Interviews TV

Good Times’ Showrunner Ranada Shepard Speaks Out Against the Backlash, “There’s So Much More to the Show”

When Ranada Shepard (Young LoveDiary of a Future President) first got the call to serve as showrunner and executive producer of an animated reboot of Good Times, it didn’t take her long to decide she was interested. The original Good Times, created by Mike Evans and Eric Montes and executive-produced by the late television legend Norman Lear, made history in the ’70s as television’s first Black two-parent family sitcom.

Shepard told Netflix, “Once Sony said, ‘Good Times,’ ‘Norman Lear,’ I said, ‘Say less. I’m there.’”

Executive-produced by Stephen Curry, Lear, and Seth MacFarlane. It’s a spiritual sequel of sorts to the live-action original, centering on the fourth generation of the Evans family living in apartment 17C of a Chicago housing project. Lear, who produced groundbreaking sitcoms The JeffersonsMaudeSanford and Son, and All in the Family, made pivotal contributions behind the scenes of the new series and will also make a cameo appearance in the eighth episode — his final role before his death at age 101 in December 2023. 

The animated reboot, produced in partnership with Sony Pictures Television Studios, dropped the laugh track and dealt with modern-day issues, with the goal of retaining the feeling of the original Good Times. At its core is about a Black family that comes together, laughs together, and survives the system on the South Side of Chicago. It would feature social commentary and a lot pushing the boundaries. Think The Simpsons, South Park and Family Guy.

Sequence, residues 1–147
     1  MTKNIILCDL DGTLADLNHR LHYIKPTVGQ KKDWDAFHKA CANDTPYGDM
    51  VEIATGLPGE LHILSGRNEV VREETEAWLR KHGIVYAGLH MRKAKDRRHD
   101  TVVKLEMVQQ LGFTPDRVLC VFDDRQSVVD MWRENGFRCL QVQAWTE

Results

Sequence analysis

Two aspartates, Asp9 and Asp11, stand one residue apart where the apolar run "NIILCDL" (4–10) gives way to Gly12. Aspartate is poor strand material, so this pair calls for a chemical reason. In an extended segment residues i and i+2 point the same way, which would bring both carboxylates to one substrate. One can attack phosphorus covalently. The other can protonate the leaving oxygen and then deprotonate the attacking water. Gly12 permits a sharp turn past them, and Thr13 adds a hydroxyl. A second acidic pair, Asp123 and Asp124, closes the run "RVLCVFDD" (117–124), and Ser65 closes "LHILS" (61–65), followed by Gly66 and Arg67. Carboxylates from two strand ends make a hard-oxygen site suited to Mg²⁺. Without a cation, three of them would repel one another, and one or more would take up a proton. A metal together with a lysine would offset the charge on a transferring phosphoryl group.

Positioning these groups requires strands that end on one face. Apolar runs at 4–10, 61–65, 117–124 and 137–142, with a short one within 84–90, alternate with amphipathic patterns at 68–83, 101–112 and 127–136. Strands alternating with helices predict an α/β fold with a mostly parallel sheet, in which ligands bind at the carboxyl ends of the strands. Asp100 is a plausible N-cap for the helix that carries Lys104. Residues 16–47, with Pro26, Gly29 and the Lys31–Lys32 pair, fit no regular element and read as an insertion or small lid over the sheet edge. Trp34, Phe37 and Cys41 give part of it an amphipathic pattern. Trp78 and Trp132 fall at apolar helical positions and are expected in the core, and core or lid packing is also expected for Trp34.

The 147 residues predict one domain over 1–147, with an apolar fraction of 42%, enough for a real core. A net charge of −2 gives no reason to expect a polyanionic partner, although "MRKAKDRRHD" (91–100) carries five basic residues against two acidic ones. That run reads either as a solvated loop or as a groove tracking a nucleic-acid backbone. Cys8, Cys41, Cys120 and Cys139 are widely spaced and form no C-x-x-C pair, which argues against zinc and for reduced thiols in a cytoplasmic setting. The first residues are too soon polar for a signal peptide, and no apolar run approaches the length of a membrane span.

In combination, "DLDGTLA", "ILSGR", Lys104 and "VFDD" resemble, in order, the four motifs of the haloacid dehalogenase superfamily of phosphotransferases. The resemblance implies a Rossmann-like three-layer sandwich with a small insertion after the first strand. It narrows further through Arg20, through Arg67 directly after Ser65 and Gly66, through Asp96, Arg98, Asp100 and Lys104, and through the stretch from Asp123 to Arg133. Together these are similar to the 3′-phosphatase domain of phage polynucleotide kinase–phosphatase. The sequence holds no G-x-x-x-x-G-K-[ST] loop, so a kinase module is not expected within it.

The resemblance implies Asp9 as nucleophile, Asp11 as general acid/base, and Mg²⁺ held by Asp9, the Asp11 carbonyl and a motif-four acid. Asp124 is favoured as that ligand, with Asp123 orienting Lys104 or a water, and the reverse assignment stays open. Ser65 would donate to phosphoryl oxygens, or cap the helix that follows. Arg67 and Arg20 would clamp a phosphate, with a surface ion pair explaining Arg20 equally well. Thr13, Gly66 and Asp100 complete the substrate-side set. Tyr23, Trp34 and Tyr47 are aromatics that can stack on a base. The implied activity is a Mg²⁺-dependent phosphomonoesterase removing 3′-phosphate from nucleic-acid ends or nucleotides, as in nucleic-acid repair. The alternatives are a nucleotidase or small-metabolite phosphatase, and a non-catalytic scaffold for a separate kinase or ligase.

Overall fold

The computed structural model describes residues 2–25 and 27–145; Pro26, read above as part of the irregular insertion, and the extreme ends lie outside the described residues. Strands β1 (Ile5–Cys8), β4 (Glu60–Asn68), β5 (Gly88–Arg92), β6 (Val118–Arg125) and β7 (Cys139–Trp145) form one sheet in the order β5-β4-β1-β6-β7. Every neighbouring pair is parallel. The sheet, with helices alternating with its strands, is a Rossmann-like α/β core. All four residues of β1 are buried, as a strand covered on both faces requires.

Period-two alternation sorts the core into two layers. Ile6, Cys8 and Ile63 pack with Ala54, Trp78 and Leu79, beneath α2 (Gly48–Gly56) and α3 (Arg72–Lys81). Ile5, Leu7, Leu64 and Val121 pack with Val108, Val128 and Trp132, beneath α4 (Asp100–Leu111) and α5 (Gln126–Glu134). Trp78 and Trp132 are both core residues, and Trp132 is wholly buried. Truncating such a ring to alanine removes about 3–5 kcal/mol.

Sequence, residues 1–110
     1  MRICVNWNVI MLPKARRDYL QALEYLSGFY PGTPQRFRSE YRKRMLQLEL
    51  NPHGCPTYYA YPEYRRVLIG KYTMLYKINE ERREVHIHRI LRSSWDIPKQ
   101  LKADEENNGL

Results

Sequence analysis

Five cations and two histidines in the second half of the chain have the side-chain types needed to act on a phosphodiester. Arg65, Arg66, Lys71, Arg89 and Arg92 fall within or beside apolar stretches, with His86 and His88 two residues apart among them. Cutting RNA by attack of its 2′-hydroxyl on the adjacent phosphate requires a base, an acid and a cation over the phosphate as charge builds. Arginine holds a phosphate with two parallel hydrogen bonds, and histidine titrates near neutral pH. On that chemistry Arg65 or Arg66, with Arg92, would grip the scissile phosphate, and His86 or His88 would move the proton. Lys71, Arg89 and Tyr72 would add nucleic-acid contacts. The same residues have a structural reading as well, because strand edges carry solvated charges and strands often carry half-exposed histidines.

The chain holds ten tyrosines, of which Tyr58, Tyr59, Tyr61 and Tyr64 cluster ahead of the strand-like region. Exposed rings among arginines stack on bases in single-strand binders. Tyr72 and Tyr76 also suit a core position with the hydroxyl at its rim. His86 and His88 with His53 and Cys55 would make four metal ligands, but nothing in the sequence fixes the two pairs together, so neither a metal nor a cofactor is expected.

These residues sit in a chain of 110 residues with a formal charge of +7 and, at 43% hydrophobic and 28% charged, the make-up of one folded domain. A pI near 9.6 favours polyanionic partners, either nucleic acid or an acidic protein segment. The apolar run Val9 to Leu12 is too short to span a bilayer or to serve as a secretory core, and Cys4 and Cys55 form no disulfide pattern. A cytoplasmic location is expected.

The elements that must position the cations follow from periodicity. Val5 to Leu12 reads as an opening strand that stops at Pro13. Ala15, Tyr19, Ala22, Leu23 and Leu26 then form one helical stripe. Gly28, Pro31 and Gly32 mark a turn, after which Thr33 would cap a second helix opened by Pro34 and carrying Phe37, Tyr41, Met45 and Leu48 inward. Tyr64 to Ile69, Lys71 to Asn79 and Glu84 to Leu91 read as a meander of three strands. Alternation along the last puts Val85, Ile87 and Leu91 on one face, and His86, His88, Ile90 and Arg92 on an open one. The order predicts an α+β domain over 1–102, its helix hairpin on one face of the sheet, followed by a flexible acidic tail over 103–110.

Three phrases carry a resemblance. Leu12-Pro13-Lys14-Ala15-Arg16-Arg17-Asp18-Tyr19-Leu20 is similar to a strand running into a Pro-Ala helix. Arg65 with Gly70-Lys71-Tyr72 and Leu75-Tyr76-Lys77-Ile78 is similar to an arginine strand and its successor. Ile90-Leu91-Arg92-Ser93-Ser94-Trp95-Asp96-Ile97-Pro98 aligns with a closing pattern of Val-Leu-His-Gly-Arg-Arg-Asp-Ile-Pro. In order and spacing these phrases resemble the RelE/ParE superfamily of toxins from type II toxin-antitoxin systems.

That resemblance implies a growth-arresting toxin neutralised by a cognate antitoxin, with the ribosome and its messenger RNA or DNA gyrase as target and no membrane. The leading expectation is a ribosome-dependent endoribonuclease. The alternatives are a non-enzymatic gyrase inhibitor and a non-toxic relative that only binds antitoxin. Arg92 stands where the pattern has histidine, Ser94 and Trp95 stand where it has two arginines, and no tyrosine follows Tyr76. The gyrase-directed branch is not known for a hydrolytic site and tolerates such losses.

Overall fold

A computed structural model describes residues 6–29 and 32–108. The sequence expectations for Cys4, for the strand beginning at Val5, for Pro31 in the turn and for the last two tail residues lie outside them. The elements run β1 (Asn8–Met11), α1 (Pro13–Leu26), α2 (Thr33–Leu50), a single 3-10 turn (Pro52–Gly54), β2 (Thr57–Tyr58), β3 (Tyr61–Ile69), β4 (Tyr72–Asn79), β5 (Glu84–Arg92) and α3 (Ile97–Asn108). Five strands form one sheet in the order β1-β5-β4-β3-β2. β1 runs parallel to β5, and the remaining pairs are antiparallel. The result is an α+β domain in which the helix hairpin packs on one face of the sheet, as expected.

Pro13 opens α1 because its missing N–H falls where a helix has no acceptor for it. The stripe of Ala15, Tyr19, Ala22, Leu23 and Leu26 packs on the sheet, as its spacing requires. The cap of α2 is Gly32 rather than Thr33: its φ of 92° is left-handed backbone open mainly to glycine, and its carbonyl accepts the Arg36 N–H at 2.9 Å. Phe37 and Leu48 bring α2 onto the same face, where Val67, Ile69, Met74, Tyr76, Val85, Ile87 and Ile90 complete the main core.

Then on March 27th, the trailer for the Good Times series dropped to the horror of watchers. A drug dealing baby selling, possible images of prostitution, oversexualized women, a teacher telling a Black student to ‘join OnlyFans’, Black Jesus referred to a ‘Colored Redeemer,’ a White character referring to a Black neighborhood as a ‘shithole,’ gang shootouts, crime and more.

The backlash was fierce. But underneath it all was a Black family bound by love and understanding, a family fighting to make a change while declaring ‘The revolution will not be television.’ In ten episodes, Good Times explored systemic racism, a government that purposely flooded Black neighbors with drugs and guns, a society that oversexualized its women, constantly overmedicated children, a crumbling school system, and a father’s desire to change the system from within.